There is no preparation for the test. You will be asked to wear shorts and a short sleeve shirt for the test and you will be required to remove your shoes and socks. Blood pressure cuffs will be applied to your arms and legs and at various times will be inflated. Some patients may experience discomfort at the time of inflation. The technician will explain each step to you during the test and will stop the test if you experience increased pain. You will be able to resume your normal activities after the test is complete. The test takes approximately 45 minutes.

Arterial Duplex

An arterial duplex ultrasound is a non-invasive imaging test that vascular physicians prescribe to see how blood is moving through arteries. It combines the imaging capability of ultrasound with the recording capability of a Doppler ultrasound.

How do you prepare for arterial duplex?

Some preparation is needed. The study examines arteries deep in the abdomen. Gas in the intestinal tract can interfere with ultrasound evaluation. It is therefore best to have the examination performed after an overnight fast, and it is important to avoid tobacco and caffeine prior to the test.

Cerebrovascular Duplex (Carotid Artery) Screening

A carotid artery duplex scan, also known as a carotid ultrasound, is a noninvasive imaging test that uses sound waves to examine blood flow through the carotid arteries in the neck. The scan can also assess blockages or narrowing in the carotid arteries or their branches, and may also include the vertebrobasilar artery.

During the scan, a healthcare provider uses a device called a transducer to create pictures of the arteries. The Doppler ultrasound technique also allows the provider to see how well blood is flowing through the arteries.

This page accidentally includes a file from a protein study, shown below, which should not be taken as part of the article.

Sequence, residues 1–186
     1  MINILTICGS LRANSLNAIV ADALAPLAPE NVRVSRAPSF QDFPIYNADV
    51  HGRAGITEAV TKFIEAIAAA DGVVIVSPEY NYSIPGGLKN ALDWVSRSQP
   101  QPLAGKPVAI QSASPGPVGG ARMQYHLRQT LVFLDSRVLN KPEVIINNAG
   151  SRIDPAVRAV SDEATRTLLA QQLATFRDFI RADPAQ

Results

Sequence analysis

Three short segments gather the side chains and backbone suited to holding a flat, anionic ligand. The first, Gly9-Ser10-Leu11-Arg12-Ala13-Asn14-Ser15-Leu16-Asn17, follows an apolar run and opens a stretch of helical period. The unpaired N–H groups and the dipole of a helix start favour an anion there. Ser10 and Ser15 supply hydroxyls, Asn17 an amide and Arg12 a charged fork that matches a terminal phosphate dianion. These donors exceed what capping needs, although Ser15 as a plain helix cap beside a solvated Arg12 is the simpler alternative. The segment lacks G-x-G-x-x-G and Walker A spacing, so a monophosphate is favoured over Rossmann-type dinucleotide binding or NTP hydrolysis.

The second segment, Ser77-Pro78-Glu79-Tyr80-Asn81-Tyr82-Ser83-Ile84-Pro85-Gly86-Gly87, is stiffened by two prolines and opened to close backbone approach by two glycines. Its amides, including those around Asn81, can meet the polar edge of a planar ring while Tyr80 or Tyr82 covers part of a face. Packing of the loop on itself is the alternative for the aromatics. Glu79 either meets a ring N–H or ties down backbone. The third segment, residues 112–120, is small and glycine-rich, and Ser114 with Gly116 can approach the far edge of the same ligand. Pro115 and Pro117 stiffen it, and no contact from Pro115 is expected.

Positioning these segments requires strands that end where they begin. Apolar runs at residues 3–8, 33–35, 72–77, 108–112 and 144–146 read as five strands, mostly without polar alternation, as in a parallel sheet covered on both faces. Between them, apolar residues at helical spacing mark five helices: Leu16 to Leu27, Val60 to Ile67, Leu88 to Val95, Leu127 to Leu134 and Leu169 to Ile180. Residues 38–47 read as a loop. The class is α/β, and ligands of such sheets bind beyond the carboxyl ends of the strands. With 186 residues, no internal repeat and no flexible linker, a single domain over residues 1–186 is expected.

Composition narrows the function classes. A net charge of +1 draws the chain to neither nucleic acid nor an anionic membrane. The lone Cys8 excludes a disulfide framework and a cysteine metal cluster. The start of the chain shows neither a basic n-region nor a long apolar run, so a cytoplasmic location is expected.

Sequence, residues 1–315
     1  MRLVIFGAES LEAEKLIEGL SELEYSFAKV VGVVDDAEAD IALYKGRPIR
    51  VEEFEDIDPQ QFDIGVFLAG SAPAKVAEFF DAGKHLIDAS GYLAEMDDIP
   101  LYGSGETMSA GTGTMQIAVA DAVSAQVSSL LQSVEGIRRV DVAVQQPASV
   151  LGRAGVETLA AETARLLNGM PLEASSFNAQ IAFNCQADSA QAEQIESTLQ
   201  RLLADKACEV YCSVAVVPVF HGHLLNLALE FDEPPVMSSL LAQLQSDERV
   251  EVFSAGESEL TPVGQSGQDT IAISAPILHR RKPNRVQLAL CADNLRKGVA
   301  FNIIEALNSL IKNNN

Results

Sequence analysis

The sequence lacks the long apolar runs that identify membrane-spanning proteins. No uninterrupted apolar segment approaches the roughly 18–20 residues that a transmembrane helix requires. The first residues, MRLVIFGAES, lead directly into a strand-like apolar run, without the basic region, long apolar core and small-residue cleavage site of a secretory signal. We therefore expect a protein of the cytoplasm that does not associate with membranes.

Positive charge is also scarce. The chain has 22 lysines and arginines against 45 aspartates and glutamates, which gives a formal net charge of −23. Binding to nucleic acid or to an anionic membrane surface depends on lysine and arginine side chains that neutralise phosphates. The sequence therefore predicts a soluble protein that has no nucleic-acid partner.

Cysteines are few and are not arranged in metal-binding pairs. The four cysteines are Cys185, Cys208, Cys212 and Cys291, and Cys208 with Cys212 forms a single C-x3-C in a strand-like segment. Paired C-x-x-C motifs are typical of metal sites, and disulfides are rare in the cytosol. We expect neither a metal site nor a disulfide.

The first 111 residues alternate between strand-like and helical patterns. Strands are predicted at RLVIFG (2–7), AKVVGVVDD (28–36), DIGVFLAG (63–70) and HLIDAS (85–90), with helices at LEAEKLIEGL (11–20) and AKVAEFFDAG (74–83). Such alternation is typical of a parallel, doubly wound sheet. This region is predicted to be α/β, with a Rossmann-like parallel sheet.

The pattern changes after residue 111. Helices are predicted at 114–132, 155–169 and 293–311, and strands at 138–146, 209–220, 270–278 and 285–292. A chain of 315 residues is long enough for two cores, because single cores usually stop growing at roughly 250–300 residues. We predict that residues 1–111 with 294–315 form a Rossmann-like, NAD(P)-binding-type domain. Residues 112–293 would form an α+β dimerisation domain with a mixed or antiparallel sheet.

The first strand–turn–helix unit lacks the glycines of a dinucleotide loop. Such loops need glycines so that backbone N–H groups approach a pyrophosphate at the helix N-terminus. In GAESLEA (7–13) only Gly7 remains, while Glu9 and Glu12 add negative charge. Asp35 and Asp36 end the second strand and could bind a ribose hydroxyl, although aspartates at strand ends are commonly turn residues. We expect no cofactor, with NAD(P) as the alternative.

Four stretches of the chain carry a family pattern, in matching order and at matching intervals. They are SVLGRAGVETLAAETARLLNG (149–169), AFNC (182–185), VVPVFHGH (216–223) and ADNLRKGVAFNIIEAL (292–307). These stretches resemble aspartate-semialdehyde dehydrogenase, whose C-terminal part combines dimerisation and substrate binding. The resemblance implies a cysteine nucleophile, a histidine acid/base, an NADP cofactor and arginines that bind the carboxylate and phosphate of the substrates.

A doctor may order a carotid artery duplex scan if they think a patient might be at risk for stroke. If the results are abnormal, the doctor can develop a treatment plan to reduce the risk. 

To prepare for the scan, patients should:

  • Avoid smoking and caffeine within two hours of the test
  • Wear comfortable clothing with an open neck
  • Avoid turtlenecks or silk clothing, which could be stained by the ultrasound gel

Dialysis Access Screening

A dialysis vascular access scan, also known as a vascular ultrasound, is a noninvasive procedure that helps physicians assess the veins and arteries used for dialysis:

Mapping veins:

The scan can help determine if veins are large enough for an arteriovenous (AV) fistula, or if an AV graft is needed.

Blood flow:

A Doppler ultrasound can show how much and how quickly blood flows through the vessels, which can help the surgeon select the best ones to use.


The scan can help determine if a fistula or graft has reached maturation, or if a new one is maturing properly.


The scan can help identify complications such as stenosis, thrombosis, aneurysm, or pseudoaneurysm formation

During the scan, a vascular sonographer applies ultrasound gel to the patient’s skin and uses a small camera probe to visualize the vessels. The scan usually takes 30 to 60 minutes and you may hear some “swooshing” noises from the machine, which are normal.

Renal and Mesenteric Artery Imaging

A renal/mesenteric arterial duplex ultrasound, also known as a renal artery duplex scan, is a non-invasive diagnostic ultrasound that uses sound waves to evaluate blood flow in the renal arteries and mesenteric arteries:

Renal arteries: